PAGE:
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The relevance of nanoscale biological fragments for ice nucleation in clouds.

O'Sullivan D, Murray BJ, Ross JF, Whale TF, Price HC, Atkinson JD, Umo NS, Webb ME - Sci Rep (2015)

Bottom Line: However, it is not clear that there are sufficient numbers of these particles in the atmosphere to strongly influence clouds.In addition, we quantify the ice-nucleating activity of nano-ice nucleating particles (nano-INPs) washed off pollen and also show that nano-INPs are present in a soil sample.Based on these results, we suggest that there is a reservoir of biological nano-INPs present in the environment which may, for example, become aerosolised in association with fertile soil dust particles.

View Article: PubMed Central - PubMed

Affiliation: Institute for Climate and Atmospheric Science, School of Earth &Environment, University of Leeds, UK.

ABSTRACT
Most studies of the role of biological entities as atmospheric ice-nucleating particles have focused on relatively rare supermicron particles such as bacterial cells, fungal spores and pollen grains. However, it is not clear that there are sufficient numbers of these particles in the atmosphere to strongly influence clouds. Here we show that the ice-nucleating activity of a fungus from the ubiquitous genus Fusarium is related to the presence of nanometre-scale particles which are far more numerous, and therefore potentially far more important for cloud glaciation than whole intact spores or hyphae. In addition, we quantify the ice-nucleating activity of nano-ice nucleating particles (nano-INPs) washed off pollen and also show that nano-INPs are present in a soil sample. Based on these results, we suggest that there is a reservoir of biological nano-INPs present in the environment which may, for example, become aerosolised in association with fertile soil dust particles.

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Size exclusion chromatography combined with an ice nucleation assay to study the size of INPs in the fungus Fusarium avenaceum.(Left) Experimental schematic of the fractionation procedure. Initially, 96 × 300 μL fractions are collected from the Superose 6 10/300 GL column. A droplet freezing experiment is then performed using a 1 μL droplet from each of the fractions. (Right) UV absorbance (black trace) and freezing temperature of eluted fractions (blue trace) after passing through a Superose 6 column. The appearance of elevated nucleation temperatures can be seen concurrent to elevated absorbance in the eluate at flow through volumes of 6–11 mls (~1000–5000+ kDa).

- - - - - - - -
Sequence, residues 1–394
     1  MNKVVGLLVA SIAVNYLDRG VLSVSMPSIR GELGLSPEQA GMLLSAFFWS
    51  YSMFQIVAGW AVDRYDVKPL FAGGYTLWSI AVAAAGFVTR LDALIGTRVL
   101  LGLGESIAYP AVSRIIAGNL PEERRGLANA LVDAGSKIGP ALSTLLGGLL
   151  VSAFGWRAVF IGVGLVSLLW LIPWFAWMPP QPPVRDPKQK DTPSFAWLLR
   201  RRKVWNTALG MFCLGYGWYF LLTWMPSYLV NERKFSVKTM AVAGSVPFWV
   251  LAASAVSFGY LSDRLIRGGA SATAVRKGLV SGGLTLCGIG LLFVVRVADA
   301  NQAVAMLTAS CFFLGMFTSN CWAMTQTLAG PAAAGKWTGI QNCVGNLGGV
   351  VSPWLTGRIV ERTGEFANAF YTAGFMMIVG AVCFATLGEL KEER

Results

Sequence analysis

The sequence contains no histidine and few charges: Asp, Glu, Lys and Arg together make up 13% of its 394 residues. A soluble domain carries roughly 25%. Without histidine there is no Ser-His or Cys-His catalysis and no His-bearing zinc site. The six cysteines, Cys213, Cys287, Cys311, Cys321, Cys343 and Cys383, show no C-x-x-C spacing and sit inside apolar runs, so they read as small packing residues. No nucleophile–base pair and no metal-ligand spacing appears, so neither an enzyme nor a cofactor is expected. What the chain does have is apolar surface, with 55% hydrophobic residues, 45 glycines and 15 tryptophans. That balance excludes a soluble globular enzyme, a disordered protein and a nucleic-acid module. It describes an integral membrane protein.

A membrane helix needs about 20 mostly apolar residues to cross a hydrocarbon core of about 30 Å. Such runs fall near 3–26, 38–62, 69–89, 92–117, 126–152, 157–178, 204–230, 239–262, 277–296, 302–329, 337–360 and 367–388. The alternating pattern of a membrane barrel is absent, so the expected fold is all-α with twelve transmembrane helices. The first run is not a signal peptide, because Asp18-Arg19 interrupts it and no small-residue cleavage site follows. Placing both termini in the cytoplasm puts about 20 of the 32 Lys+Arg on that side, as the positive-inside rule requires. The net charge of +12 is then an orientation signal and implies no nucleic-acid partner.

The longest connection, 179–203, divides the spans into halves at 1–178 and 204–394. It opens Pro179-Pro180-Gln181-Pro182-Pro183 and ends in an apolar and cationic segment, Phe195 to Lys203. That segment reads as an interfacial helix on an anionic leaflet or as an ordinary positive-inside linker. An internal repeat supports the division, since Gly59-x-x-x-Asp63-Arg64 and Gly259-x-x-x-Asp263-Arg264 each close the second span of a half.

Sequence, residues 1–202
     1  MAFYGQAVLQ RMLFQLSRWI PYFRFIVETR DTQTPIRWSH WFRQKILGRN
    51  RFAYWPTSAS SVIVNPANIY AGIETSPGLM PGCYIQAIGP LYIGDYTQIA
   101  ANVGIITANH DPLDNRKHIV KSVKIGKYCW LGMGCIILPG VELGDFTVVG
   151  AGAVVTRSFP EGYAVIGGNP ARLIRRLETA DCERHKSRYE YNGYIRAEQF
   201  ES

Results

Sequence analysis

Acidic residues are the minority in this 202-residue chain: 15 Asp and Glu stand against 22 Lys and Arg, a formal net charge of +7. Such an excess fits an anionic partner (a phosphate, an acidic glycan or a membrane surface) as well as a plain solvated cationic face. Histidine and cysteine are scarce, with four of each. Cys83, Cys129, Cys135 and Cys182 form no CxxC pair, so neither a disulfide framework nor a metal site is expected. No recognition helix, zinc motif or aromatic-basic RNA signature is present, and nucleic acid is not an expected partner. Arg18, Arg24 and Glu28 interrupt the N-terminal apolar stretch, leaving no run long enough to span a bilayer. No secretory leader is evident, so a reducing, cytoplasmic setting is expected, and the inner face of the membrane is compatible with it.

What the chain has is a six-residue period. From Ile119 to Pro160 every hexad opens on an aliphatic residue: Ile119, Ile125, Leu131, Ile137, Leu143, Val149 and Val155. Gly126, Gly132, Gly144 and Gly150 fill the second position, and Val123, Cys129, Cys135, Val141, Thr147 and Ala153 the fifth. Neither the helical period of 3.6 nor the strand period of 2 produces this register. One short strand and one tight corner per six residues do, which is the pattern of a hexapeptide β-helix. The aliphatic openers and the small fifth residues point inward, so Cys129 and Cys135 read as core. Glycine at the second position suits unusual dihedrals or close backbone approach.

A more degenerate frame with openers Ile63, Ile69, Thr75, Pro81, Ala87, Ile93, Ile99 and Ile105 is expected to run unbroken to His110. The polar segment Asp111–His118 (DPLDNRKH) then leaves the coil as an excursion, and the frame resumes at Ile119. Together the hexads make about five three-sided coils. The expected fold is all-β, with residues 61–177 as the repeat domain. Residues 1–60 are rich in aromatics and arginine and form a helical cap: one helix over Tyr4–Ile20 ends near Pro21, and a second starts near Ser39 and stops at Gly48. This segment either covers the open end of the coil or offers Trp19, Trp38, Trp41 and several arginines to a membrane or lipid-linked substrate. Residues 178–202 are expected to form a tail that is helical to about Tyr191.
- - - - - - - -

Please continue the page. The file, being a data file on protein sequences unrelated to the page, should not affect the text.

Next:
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f3: Size exclusion chromatography combined with an ice nucleation assay to study the size of INPs in the fungus Fusarium avenaceum.(Left) Experimental schematic of the fractionation procedure. Initially, 96 × 300 μL fractions are collected from the Superose 6 10/300 GL column. A droplet freezing experiment is then performed using a 1 μL droplet from each of the fractions. (Right) UV absorbance (black trace) and freezing temperature of eluted fractions (blue trace) after passing through a Superose 6 column. The appearance of elevated nucleation temperatures can be seen concurrent to elevated absorbance in the eluate at flow through volumes of 6–11 mls (~1000–5000+ kDa).

Mentions: To further examine the size of the ice-nucleating particles generated by F. avenaceum, the 1000 kDa filtrate was separated into 96 size-resolved fractions using size-exclusion chromatography (Figure 3, left). This technique separates suspended particles on the basis of size, with smaller particles being eluted at later times (or larger elution volumes). When the ice nucleating activity of the fractions was examined, those with higher nucleation temperatures were found to correspond to fractions exhibiting a peak in the 280 nm UV absorbance (Figure 3, right), consistent with the INPs being proteinaceous. While all fractions were found to freeze at temperatures above −11°C, the highest freezing temperatures observed can be seen to appear concurrent with a fully resolved broad feature on the chromatogram at short retention times (eluate volume 6–11 mls). Of note, while a species of this size (~1000–5000+ kDa; dsmooth sphere = 13–23+ nm) is larger than the nominal molecular weight cut-off of the filter applied prior to size exclusion chromatography, this is consistent with a finite distribution of pore sizes as is found in ultrafiltration membranes25.